It is exactly right that the Marseille procureur along with his German counterparts is looking at all that and it is also right that that was undertaken very quickly.

There is a wider question. The confidentiality of German medical information is all but sacrosant. Its confidential status overrides many other possibly conflicting rights and responsibilities, and I understand this has been affirmed by the Constitutional Court. Pilots have an obligation to self-report, so medical confidentiality has not come into conflict with duty of care – yet. But what about a case when medical conditions indicating unfitness to fly are diagnosed, but the pilot-patient chooses not to self-report? The pilot flies for an airline; the airline has a duty of care. If something happens to a commercial flight which this pilot is conducting, which causes harm to the airline’s clients (passengers) and others (people and objects on the ground near a CFIT; relatives of passengers), then the airline has obviously not fulfilled its duty of care to those harmed: the pilot should not have been flying, but was. However, equally obviously, the airline was unable to fulfil its duty of care: it was deprived of pertinent knowledge.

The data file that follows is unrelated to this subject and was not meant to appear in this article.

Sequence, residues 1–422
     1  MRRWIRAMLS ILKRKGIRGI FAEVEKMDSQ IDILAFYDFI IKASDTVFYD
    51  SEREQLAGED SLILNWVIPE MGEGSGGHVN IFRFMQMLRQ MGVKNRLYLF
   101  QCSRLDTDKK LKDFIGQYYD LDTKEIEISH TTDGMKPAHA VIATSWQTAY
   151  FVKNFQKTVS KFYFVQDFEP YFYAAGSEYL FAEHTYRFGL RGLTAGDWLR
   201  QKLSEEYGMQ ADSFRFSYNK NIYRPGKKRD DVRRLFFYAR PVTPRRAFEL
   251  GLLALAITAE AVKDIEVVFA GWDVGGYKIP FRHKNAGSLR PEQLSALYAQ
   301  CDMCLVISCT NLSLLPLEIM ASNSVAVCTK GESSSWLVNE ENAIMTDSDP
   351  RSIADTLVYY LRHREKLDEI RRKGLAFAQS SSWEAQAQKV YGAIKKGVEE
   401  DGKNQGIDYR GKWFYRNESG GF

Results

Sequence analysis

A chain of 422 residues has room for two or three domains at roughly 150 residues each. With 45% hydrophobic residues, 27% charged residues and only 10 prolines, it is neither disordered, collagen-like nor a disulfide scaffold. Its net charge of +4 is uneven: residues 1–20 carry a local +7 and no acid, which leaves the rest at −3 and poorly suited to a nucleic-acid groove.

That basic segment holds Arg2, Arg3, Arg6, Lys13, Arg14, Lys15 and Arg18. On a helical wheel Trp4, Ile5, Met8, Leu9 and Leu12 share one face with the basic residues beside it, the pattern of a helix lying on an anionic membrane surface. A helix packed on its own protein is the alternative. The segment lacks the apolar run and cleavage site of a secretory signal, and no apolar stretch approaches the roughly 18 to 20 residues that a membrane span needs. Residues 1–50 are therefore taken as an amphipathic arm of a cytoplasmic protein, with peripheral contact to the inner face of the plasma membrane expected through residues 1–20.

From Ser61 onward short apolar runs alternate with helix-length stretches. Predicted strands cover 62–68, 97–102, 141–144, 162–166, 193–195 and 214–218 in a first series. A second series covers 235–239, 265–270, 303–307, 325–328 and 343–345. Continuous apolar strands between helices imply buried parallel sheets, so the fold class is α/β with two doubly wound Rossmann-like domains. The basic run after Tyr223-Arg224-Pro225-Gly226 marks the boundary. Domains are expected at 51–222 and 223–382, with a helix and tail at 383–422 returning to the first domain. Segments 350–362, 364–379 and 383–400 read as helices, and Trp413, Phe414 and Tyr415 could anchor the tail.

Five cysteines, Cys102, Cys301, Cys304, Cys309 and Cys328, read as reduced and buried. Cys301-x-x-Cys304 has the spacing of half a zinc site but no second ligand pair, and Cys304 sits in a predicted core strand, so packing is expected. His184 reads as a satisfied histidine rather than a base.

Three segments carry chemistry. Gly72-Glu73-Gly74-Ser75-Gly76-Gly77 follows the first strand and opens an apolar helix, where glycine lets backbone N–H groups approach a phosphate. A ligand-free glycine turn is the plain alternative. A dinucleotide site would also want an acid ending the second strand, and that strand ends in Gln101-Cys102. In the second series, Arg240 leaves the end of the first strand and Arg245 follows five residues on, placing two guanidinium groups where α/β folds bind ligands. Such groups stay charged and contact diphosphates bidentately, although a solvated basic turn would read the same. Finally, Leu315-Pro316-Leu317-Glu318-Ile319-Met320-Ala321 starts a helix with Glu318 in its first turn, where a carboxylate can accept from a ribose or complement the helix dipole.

Personality assessments are used by some employers in the US in evaluating employees. See, for example, the survey in the second, third and fourth paragraphs of Cari Adams, You’re Perfect for the Job: The Use and Validity of Pre-employment Personality Tests, Scholars journal 13; Summer 2009, along with the references cited in those paragraphs. It is not clear to me at this point whether it is legal in Germany to require potential employees to undergo such tests. (As I have indicated previously, I do think that some tests, such as MMPI, could identify extreme personality characteristics, which could be associated with future inappropriate behaviour when operating safety-critical systems, in some cases where these would not necessarily be picked up in the usual employee interviews.)

I suggest that this employee medical confidentiality/employer’s duty of care issue is a fundamental conflict of rights that won’t go away. It may be resolved but it cannot be solved. It may turn out that it is currently not so very well resolved in Germany. I would judge it a good thing if this one event opens a wider debate about the conflict.